Peter Fourlaris: “Which classes are you currently teaching?”
Matt Unger: ”I’m currently teaching Sociology 333A: Development of Sociology II and Sociology 344A: Mass Communication.”
PF: “What is your favorite part of your job?”
MU: “My favorite aspect of teaching at Concordia is the conversations that I have with students and discussions in class. It’s very rewarding to see my students grappling with difficult ideas and see how they can apply these ideas to their lives and interpret the world around them. The Concordia student body is also incredibly diverse – meeting people from all walks of life and backgrounds is super interesting to me.”
PF: How many years have you been at Concordia?
MU: “I have been teaching at Concordia since 2008. I left to teach in Turkey for a couple years, but have been back since the fall of 2013.”
PF: “What is your favorite book?”
MU: “My favorite book has to be Fyodor Dostoyevsky’s “Notes from the Underground” (Maybe The Idiot) but Ursula K. Le Guin’s “The Dispossessed” is a close second.”
PF: “What is your favorite movie?”
MU: “Hmmm...this changes all the time for me. Probably the most engaging show that I’ve seen in recent years is True Detective. My favorite podcast is Serial.”
PF: “What is your favorite hobby away from school?”
MU: “I have 2 hobbies that I love: I design and build audiophile speaker systems and have been designing for a company in BC for a couple years now. Secondly, I love mountain biking. I take my bike wherever I travel, join a club and ride the hills and mountains with the locals. That is the best way to travel.”
PF: “What is
something that the reader might not know about you?”
MU: “I went to Concordia for one year during my music studies in my undergraduate degree – 1995-1996 and sang in the choir with Dr. Hooper, it was a wonderful time and I had great memories.”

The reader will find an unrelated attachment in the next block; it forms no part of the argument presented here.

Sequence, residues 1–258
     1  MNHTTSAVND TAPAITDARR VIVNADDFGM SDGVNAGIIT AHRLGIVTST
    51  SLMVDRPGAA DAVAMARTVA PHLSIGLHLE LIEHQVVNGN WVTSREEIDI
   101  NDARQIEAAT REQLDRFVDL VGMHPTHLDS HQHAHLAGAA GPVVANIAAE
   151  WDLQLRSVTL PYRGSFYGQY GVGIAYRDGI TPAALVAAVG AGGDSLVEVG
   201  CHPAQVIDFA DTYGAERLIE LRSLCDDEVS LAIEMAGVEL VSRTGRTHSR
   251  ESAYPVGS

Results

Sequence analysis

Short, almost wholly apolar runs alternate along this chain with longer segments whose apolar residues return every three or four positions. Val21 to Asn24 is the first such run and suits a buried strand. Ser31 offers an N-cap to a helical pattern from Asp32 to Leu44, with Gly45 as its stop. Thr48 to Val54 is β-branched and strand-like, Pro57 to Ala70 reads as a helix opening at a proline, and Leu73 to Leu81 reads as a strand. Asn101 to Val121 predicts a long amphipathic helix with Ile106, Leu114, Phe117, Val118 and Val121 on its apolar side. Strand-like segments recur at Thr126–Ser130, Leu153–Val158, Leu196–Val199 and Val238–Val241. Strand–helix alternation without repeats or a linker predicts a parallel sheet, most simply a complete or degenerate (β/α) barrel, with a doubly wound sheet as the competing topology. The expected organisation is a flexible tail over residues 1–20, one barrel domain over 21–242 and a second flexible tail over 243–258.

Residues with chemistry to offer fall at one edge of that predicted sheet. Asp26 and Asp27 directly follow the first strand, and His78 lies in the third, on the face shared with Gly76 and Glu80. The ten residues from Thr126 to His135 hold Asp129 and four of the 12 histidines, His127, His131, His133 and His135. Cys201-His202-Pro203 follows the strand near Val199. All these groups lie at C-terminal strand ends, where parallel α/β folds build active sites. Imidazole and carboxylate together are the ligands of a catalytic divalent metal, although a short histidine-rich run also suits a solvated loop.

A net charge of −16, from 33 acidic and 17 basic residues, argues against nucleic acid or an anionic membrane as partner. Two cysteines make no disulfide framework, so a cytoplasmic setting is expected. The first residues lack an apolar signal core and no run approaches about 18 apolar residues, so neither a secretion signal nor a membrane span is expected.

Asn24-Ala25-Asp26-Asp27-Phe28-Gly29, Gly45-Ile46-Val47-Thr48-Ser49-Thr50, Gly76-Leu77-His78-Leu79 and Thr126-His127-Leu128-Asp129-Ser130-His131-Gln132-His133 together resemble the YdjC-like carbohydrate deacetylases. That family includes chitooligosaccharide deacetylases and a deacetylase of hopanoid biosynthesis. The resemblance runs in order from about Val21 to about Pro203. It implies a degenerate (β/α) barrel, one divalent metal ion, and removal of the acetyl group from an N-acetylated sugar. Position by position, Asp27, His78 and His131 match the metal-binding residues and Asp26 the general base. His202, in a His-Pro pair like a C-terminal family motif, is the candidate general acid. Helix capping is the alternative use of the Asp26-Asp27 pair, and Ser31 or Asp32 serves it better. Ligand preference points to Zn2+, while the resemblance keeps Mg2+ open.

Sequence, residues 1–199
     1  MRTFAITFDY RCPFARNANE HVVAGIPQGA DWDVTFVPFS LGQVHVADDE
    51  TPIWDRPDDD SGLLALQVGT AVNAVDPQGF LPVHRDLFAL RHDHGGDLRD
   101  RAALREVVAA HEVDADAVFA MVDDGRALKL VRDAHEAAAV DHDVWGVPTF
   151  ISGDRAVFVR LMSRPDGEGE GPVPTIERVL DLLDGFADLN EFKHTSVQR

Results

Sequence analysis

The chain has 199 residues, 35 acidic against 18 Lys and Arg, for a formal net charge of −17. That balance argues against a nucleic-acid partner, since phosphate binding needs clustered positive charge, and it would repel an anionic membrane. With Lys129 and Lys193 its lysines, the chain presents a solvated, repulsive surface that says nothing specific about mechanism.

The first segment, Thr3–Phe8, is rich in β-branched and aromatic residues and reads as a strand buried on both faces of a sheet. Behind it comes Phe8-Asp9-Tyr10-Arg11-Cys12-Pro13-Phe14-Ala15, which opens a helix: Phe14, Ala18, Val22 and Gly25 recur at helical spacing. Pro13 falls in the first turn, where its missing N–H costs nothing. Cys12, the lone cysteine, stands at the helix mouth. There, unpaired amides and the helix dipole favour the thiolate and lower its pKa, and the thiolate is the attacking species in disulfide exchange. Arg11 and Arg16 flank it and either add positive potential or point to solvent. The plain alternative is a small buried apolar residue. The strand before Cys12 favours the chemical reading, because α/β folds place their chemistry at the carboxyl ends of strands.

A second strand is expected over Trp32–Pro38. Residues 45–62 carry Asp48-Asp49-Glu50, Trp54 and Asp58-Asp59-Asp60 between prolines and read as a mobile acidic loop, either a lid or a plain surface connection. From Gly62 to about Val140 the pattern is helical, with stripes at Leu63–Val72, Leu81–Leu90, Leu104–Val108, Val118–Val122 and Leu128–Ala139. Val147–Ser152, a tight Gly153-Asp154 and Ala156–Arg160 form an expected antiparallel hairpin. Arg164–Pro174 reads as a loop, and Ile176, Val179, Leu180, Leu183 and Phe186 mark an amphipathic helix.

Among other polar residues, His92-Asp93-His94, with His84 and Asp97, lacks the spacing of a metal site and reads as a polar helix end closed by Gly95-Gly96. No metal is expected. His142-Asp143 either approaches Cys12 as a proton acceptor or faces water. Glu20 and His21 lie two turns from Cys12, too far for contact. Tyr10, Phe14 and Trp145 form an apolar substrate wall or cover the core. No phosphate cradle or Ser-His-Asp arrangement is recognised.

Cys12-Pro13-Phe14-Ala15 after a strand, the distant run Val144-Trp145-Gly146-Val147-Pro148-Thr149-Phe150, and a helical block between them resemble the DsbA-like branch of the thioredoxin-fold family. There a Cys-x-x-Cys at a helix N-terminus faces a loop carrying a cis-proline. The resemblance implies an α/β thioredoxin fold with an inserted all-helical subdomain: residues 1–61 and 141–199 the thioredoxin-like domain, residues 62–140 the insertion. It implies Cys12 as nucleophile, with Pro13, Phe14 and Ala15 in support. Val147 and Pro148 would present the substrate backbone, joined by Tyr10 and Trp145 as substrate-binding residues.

PF: “Do you have any advice for students in their first year?”
MU: “Read voraciously and talk about what you’re reading. University should not just be about getting a piece of paper, but challenging the foundations of who you think you are and your relation to the world. Rather than think of your education as mere memorization, think of it as perspective taking and training – this is something that is far more difficult, lasting, and rewarding than being able to repeat facts in tests. You will have a far richer experience if you read and challenge yourself to read texts above your ability. Perpetually keep an open mind to the ideas you are reading, people you are talking with, and teachers you have during school; understand you can never exhaust any idea or perspective. Also understand that if you feel like you are a beginner in your first year, this is a good feeling and something you should never let go of – after 15 years of post-secondary education I still feel like a beginner and am always learning from my teaching and discussions with students.”
Thank you very much Dr. Matthew Unger for a very entertaining interview. I hope this article can show everyone what an extraordinary professor and person you are.
Finally, if you, the reader, have anyone in mind that you would like to see featured in one of my articles, you can send in your requests to me. I can be reached through my email email@example.com or via twitter at @PeterF_94.